I received my first pair of glasses when I was about nine years old. I didn’t like them. Kids in school used to make fun of my big ‘ol glasses and two ponytails…
Not my best look… 😛
At fifteen, I moved on to contact lenses. I guess I followed my older sister Alyssa’s footsteps since she had started wearing colored contacts. I was more than happy to get rid of my glasses. It felt like a rite of passage to move on from glasses to contact lenses.
Without my glasses, I felt more confident in being active and playing contact sports in school such as Captain’s ball. I used to love that game! Except when the ball hit me in the face while I had my glasses on, ouch.
Even running was a breeze; I didn’t have my glasses slipping down my sweaty nose. It was cool to step out of an air-conditioned room and not have my glasses fog up, paralyzing my vision for a few seconds. Needless to say, switching from glasses to contacts was easy.
I became really dependent on wearing them. I developed a bad habit of wearing them for too long that sometimes it made my eyes extremely dry. I’ve even worn my contacts to sleep, especially when traveling on long haul flights. I switched from monthly contacts to extended wear daily contacts since I realised I needed to wear them for the most part of the day. Even the daily contacts didn’t help very much with the occasional dry eyes; I guess I just shouldn’t be wearing them for more than 12 hours a day!
Once it got so dry that the contacts literally fell out of my eye.
Alyssa did LASIK a few years ago, when she was my age. (Quite a fateful coincidence now that we think of it!) I just turned a year older in August and I was curious to find out if I was eligible for refractive surgery too. Perhaps this was another rite of passage for me – from wearing glasses to contacts lens to permanently correcting my eyesight!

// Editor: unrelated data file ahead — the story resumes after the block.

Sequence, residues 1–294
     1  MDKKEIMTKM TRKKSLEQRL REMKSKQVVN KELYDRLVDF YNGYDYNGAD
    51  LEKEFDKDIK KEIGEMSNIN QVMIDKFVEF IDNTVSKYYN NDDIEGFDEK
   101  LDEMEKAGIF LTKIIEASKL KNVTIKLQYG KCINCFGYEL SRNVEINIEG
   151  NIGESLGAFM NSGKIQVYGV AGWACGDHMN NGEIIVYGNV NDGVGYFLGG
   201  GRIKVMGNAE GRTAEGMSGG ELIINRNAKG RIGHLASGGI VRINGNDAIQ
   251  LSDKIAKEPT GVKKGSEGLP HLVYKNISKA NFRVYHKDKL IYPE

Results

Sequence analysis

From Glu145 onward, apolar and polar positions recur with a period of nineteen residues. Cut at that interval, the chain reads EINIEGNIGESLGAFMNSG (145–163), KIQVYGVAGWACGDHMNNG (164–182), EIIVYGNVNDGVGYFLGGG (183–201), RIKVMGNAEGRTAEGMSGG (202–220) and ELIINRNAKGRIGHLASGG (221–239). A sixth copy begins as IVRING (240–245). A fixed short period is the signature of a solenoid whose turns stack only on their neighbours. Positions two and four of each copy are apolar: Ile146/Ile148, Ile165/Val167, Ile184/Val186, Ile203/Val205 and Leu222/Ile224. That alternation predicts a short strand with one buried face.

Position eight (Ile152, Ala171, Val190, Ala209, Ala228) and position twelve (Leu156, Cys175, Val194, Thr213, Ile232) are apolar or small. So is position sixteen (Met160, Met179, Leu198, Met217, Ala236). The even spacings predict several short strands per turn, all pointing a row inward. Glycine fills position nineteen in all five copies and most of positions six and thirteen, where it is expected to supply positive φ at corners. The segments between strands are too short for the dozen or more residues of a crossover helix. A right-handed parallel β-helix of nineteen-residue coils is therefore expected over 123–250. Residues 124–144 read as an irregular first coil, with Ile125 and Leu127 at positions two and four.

What is laser vision correction surgery/refractive surgery? Laser vision correction surgery, also known as refractive laser eye surgery refers to any surgical treatment using lasers to correct problems such as myopia, hyperopia and astigmatism, to decrease your dependency on glasses or contact lens.
How does it work? The treatment works by reshaping the cornea (the clear front portion of the eye) so that light traveling through is properly focused onto the retina for a sharp and clear image.
I scheduled an appointment at one of the LASIK clinic at Paragon Medical on September 3rd. On the day of consultation, I had to undergo a few eye tests/pre-refractive surgery evaluation that will provide detailed information on the health of my eyes. I couldn’t wait to get LASIK done!
Alyssa accompanied me to the LASIK Clinic in Paragon. Turns out she did LASIK at the same clinic too, six years ago!
When I arrived at the clinic, I had to fill out some forms with my personal particulars and medical history. My nurse was very thorough with her explanation on the pre-refractive surgery evaluation. The evaluation process took about two hours.
We started the evaluation process with five different machines that gave specific information about my eyes. 1) The auto-refractor evaluates my prescription. 2) Next was the non-contact tonometer that assesses the eye pressure. 3) The wavescan machine picks up imperfections in the eye so that the lasik procedure can provide a precise correction (aka it determines which part of the cornea needs to be lasered). 4) The orb scan analyses the corneal thickness.
The orb scan looked like a hypnotic device! Pretty cool.
Lastly, 5) the penta-cam – it measures cornea thickness and cross sectional view of the anterior structure such as the iris and lens.
We moved from one machine to the other quite briefly. The tests didn’t take more than five minutes each. I was perplexed to find out that it took so many different machines to analyze the eyes, just goes to show how complex our eyes are.